1. INTRODUCTION. Brief History. Introduction to Matrix Notation. Role of the Computer. General Steps of the Finite Element Method. Applications of the Finite Element Method. Advantages of the Finite Element Method. Computer Programs for the Finite Element Method. 2. INTRODUCTION TO THE STIFFNESS (DISPLACEMENT) METHOD. Definition of the Stiffness Matrix. Derivation of the Stiffness Matrix for a Spring Element. Example of a Spring Assemblage. Assembling the Total Stiffness Matrix by Superposition (Direct Stiffness Method). Boundary Conditions. Potential Energy Approach to Derive Spring Element Equations. 3. DEVELOPMENT OF TRUSS EQUATIONS. Derivation of the Stiffness Matrix for a Bar Element in Local Coordinates. Selecting Approximation Functions for Displacements. Transformation of Vectors in Two Dimensions. Global Stiffness Matrix for Bar Arbitrarily Oriented in the Plane. Computation of Stress for a Bar in the x-y Plane. Solution of a Plane Truss. Transformation Matrix and Stiffness Matrix for a Bar in Three-Dimensional Space. Use of Symmetry in Structure. Inclined, or Skewed, Supports. Potential Energy Approach to Derive Bar Element Equations. Comparison of Finite Element Solution to Exact Solution for Bar. Galerkin's Residual Method and Its Use to Derive the One-Dimensional Bar Element Equations. Other Residual Methods and Their Application to a One-Dimensional Bar Problem. Flowchart for Solutions of Three-Dimensional Truss Problems. Computer Program Assisted Step-by-Step Solution for Truss Problem. 4. DEVELOPMENT OF BEAM EQUATIONS. Beam Stiffness. Example of Assemblage of Beam Stiffness Matrices. Examples of Beam Analysis Using the Direct Stiffness Method. Distribution Loading. Comparison of the Finite Element Solution to the Exact Solution for a Beam. Beam Element with Nodal Hinge. Potential Energy Approach to Derive Beam Element Equations. Galerkin's Method for Deriving Beam Element Equations. 5. FRAME AND GRID EQUATIONS. Two-Dimensional Arbitrarily Oriented Beam Element. Rigid Plane Frame Examples. Inclined or Skewed Supports - Frame Element. Grid Equations. Beam Element Arbitrarily Oriented in Space. Concept of Substructure Analysis. 6. DEVELOPMENT OF THE PLANE STRESS AND STRAIN STIFFNESS EQUATIONS. Basic Concepts of Plane Stress and Plane Strain. Derivation of the Constant-Strain Triangular Element Stiffness Matrix and Equations. Treatment of Body and Surface Forces. Explicit Expression for the Constant-Strain Triangle Stiffness Matrix. Finite Element Solution of a Plane Stress Problem. Rectangular Plane Element (Bilinear Rectangle, Q4). 7. PRACTICAL CONSIDERATIONS IN MODELING: INTERPRETING RESULTS AND EXAMPLES OF PLANE STRESS-STRAIN ANALYSIS. Finite Element Modeling. Equilibrium and Compatibility of Finite Element Results. Convergence of Solution. Interpretation of Stresses. Static Condensation. Flowchart for the Solution of Plane Stress-Strain Problems. Computer Program-Assisted Step-by-Step Solution, Other Models, and Results for Plane Stress-Strain Problems. 8. DEVELOPMENT OF THE LINEAR-STRAIN TRIANGLE EQUATIONS. Derivation of the Linear-Strain Triangular Element Stiffness Matrix and Equations. Example of LST Stiffness Determination. Comparison of Elements. 9. AXISYMMETRIC ELEMENTS. Derivation of the Stiffness Matrix. Solution of an Axisymmetric Pressure Vessel. Applications of Axisymmetric Elements. 10. ISOPARAMETRIC FORMULATION. Isoparametric Formulation of the Bar Element Stiffness Matrix. Isoparametric Formulation of the Plane Quadrilateral Element Stiffness Matrix. Newton-Cotes and Gaussian Quadrature. Evaluation of the Stiffness Matrix and Stress Matrix by Gaussian Quadrature. Higher-Order Shape Functions. 11. THREE-DIMENSIONAL STRESS ANALYSIS. Three-Dimensional Stress and Strain. Tetrahedral Element. Isoparametric Formulation and Hexahedral Element. 12. PLATE BENDING ELEMENT. Basic Concepts of Plate Bending. Derivation of a Plate Bending Element Stiffness Matrix and Equations. Some Plate Element Numerical Comparisons. Computer Solutions for Plate Bending Problems. 13. HEAT TRANSFER AND MASS TRANSPORT. Derivation of the Basic Differential Equation. Heat Transfer with Convection. Typical Units; Thermal Conductivities, K; and Heat-Transfer Coefficients, h. One-Dimensional Finite Element Formulation Using a Variational Method. Two-Dimensional Finite Element Formulation. Line or Point Sources. Three-Dimensional Heat Transfer by the Finite Element Method. One-Dimensional Heat Transfer with Mass Transport. Finite Element Formulation of Heat Transfer with Mass Transport by Galerkin's Method. Flowchart and Examples of a Heat-Transfer Program. 14. FLUID FLOW IN POROUS MEDIA AND THROUGH HYDRAULIC NETWORKS; AND ELECTRICAL NETWORKS AND ELECTROSTATICS. Derivation of the Basic Differential Equations. One-Dimensional Finite Element Formulation. Two-Dimensional Finite Element Formulation. Flowchart and Example of a Fluid-Flow Program. Electrical Networks. Electrostatics. 15. THERMAL STRESS. Formulation of the Thermal Stress Problem and Examples. 16. STRUCTURAL DYNAMICS AND TIME-DEPENDENT HEAT TRANSFER Dynamics of a Spring-Mass System. Direct Derivation of the Bar Element Equations. Numerical Integration in Time. Natural Frequencies of a One-Dimensional Bar. Time-Dependent One-Dimensional Bar Analysis. Beam Element Mass Matrices and Natural Frequencies. Truss, Plane Frame, Plane Stress, Plane Strain, Axisymmetric, and Solid Element Mass Matrices. Time-Dependent Heat-Transfer. Computer Program Example Solutions for Structural Dynamics. APPENDIX A: MATRIX ALGEBRA. Definition of a Matrix. Matrix Operations. Cofactor of Adjoint Method to Determine the Inverse of a Matrix. Inverse of a Matrix by Row Reduction. Properties of Stiffness Matrices. APPENDIX B: METHODS FOR SOLUTION OF SIMULTANEOUS LINEAR EQUATIONS. Introduction. General Form of the Equations. Uniqueness, Nonuniqueness, and Nonexistence of Solution. Methods for Solving Linear Algebraic Equations. Banded-Symmetric Matrices, Bandwidth, Skyline, and Wavefront Methods. APPENDIX C: EQUATIONS FOR ELASTICITY THEORY. Introduction. Differential Equations of Equilibrium. Strain/Displacement and Compatibility Equations. Stress-Strain Relationships. APPENDIX D: EQUIVALENT NODAL FORCES. APPENDIX E: PRINCIPLE OF VIRTUAL WORK. APPENDIX F: PROPERTIES OF STRUCTURAL STEEL AND ALUMINUM SHAPES. ANSWERS TO SELECTED PROBLEMS. INDEX.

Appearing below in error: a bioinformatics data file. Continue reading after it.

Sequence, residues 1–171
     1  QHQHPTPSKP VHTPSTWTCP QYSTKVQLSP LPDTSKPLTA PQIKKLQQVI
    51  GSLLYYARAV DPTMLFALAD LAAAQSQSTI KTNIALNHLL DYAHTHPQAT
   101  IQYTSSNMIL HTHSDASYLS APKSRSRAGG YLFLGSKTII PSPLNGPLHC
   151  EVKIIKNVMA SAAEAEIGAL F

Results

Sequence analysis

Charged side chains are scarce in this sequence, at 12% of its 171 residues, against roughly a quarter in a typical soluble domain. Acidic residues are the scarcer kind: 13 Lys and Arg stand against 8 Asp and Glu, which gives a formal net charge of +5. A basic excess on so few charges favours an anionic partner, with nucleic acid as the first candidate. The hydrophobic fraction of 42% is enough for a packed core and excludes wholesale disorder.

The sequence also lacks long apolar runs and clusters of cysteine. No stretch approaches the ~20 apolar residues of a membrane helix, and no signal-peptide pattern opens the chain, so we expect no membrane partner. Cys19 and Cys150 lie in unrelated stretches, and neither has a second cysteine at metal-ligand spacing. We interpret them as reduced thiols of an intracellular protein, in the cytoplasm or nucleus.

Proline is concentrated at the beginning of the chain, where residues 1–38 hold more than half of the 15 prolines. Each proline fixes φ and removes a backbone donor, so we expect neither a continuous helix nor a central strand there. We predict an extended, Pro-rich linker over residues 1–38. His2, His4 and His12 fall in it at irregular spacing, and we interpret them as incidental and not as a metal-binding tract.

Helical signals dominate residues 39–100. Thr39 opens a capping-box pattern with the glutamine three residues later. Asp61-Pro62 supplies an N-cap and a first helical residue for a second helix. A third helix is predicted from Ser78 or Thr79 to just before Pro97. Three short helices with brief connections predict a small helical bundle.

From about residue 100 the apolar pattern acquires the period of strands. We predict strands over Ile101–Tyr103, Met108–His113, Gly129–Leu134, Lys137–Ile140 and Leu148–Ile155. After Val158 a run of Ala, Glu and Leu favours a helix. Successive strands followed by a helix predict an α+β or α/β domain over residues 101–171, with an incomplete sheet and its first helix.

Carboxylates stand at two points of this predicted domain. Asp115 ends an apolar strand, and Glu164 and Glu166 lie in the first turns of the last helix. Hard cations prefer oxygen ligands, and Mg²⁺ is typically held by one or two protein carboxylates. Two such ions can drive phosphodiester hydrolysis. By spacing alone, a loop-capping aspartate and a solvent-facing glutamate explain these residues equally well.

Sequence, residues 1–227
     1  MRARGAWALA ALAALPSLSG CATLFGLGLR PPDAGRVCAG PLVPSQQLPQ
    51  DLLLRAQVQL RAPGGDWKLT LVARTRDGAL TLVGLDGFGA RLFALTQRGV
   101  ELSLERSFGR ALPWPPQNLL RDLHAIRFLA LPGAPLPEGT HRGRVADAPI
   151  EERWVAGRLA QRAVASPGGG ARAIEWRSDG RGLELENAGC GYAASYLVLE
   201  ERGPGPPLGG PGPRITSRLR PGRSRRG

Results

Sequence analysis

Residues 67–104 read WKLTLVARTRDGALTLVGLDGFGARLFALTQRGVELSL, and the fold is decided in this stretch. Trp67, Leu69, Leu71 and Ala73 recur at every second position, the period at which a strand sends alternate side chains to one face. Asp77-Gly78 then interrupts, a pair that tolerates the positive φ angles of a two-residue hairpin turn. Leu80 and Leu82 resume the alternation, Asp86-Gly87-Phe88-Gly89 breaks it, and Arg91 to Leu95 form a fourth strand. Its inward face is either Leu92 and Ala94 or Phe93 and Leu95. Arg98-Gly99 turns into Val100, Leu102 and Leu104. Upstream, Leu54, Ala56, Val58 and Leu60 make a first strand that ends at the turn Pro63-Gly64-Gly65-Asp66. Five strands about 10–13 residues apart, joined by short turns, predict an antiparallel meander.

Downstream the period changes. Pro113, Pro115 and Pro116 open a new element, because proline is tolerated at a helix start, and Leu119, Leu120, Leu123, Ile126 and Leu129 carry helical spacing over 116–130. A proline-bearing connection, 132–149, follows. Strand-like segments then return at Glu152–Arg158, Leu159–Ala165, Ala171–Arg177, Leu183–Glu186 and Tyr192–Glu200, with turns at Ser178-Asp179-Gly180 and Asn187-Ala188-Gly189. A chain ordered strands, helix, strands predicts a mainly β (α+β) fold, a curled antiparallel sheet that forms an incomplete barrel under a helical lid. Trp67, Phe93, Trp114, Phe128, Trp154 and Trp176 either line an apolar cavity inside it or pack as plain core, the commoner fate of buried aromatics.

Daryl L. Logan is Professor of Mechanical Engineering at the University of Wisconsin-Platteville. He received his Ph.D. in 1972 from the University of Illinois -- Chicago. He has been a member of the American Society of Mechanical Engineers (ASME), Tau Beta Pi - National Honor Society, and the American Society for Engineering Education (ASEE). He holds a Professional Engineer's License in the state of Indiana.
Reviews for A First Course in the Finite Element Method, SI Edition
It is extremely well presented for an introductory text...The author does an excellent job of getting to the underlying issues without confusing the reader with overwrought detail...The examples were very interesting and actually included advanced topics that many students would not be able to address based upon the presentation in other texts...Interesting examples that are simply explained that present complex topics. The presentation with regard to the example problems is the best I have seen in any textbook during 40+ years I have been teaching the finite element method...The textbook must be readable and at the appropriate level of sophistication for the students who will be using it. I find that this text does an excellent job of meeting both of these criteria.